In September 2017

By Jim Pomeranz

Dealing in speculation may not be an exact science, but Jerry Richardson, owner of one of the most publicized businesses in the Carolinas, knows how to make the process intriguing. Richardson, 81, keeps his cards close to the vest, rarely talking to the media about stuff like abrupt departures of the Carolina Panthers’ president or general manager or constant speculation on plans to sell the team. It’s arguably no one’s business except for the Big Cat and the wealthy Carolinas families who own about half of the team’s equity. But the Panthers are among the most public of private companies: They wouldn’t exist without a stadium financed by thousands of Carolinians or tens of millions of dollars of public subsidies. No other Tar Heel business makes national news when the corporate equivalent of a left guard — say an assistant auditor? — breaks his ankle or starts a bar brawl.

The team is entering its 23rd season amid high hopes that star quarterback Cam Newton can lead it to a Super Bowl for the second time in three years. In July, Richardson made clear who’s in charge, rehiring popular former general manager Marty Hurney after firing the acerbic Dave Gettleman, whose analytical style had disturbed key players.

It continues a history in which the team’s off-the-field moves are often as interesting as the on-field action. Pending issues are who will be the team’s next owner and how committed that owner would be to Charlotte. Panthers spokesman Steven Drummond says there is nothing for sale, contradicting a CBS Sports report earlier this year that “many other NFL owners” expect the team will change hands sooner rather than later.

Richardson, who had a heart transplant in 2009 and shoulder surgery in 2016, has missed the last two annual owners meetings for health reasons. He fired his two sons — Mark and Jon (who passed away in 2013) — in 2009, with little explanation. Various publications have reported that Richardson’s estate documents call for a sale within two years of his passing.

Contributing to talk of the Panthers bolting is a stadium improvement deal, approved in 2013, that committed the team to its downtown Charlotte site for 10 years, with an option that makes it possible to move out after 2019. The city of Charlotte put up $87.5 million of improvements, less than Richardson had requested in a longer 15-year pact.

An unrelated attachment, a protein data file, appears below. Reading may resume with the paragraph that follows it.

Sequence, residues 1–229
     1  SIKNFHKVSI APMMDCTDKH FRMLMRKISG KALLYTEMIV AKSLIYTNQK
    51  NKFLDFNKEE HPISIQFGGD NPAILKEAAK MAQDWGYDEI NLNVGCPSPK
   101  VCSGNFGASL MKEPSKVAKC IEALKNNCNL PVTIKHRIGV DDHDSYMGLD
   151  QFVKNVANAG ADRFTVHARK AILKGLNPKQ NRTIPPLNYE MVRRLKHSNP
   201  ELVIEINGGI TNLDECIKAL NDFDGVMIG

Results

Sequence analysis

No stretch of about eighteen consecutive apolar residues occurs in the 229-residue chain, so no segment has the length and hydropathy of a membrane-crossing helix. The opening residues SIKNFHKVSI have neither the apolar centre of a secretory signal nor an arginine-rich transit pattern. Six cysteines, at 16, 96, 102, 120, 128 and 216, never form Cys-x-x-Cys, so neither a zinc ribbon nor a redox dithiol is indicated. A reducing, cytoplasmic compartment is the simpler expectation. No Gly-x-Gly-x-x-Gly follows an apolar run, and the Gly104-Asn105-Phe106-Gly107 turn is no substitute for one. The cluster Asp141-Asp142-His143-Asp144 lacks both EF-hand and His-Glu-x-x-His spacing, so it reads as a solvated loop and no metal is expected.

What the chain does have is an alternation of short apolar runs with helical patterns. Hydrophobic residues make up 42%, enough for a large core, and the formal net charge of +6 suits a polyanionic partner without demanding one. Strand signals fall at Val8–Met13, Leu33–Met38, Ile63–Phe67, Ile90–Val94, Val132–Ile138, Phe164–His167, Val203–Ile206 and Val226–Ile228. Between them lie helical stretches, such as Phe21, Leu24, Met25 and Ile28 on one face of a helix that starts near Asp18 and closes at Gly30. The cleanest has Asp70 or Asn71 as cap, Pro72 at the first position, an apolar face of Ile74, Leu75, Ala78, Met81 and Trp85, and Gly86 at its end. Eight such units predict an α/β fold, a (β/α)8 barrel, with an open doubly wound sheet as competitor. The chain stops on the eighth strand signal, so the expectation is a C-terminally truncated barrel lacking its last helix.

Whether NFL franchise values are peaking also may matter, given mounting evidence of concussion-related injuries and a surprising 8% decline in TV ratings last year. Forbes magazine in July estimated the Panthers’ value at $2.08 billion, ranking 22th in the league and 37th among global sports franchises. That’s a nice bump from the $206 million franchise fee that Richardson’s group paid in 1993, which shocked many in the sports world who doubted the Carolinas could support an NFL franchise.

Under Richardson’s steely leadership, the Panthers have emerged among the league’s better-performing franchises, outpacing regional peers in Jacksonville, Nashville and Tampa. It had operating income of $53 million last year, Forbes estimates. The likelihood of Charlotte losing the Panthers to another city is slim no matter who buys the team, says Sal Galatioto, president of New York-based Galatioto Sports Partners, which helps finance sports acquisitions.

Galatioto expects bidding to start at $2 billion, then end at a sharply higher price. “There will be a lot of bidders, but that doesn’t mean the team would move,” he says. “The infrastructure for success is in Charlotte — the fans are great, the team owns the stadium. There aren’t too many places in the United States as attractive as Charlotte for all these factors and more. Now, if Toronto or London are in the mix, it might be a different story, but I think the [NFL] owners wouldn’t entertain the idea of moving the team from Charlotte.”

As always, this ball is in Jerry Richardson’s hands.

Featured photo of Jerry Richardson by Panthers/Mark Olenck

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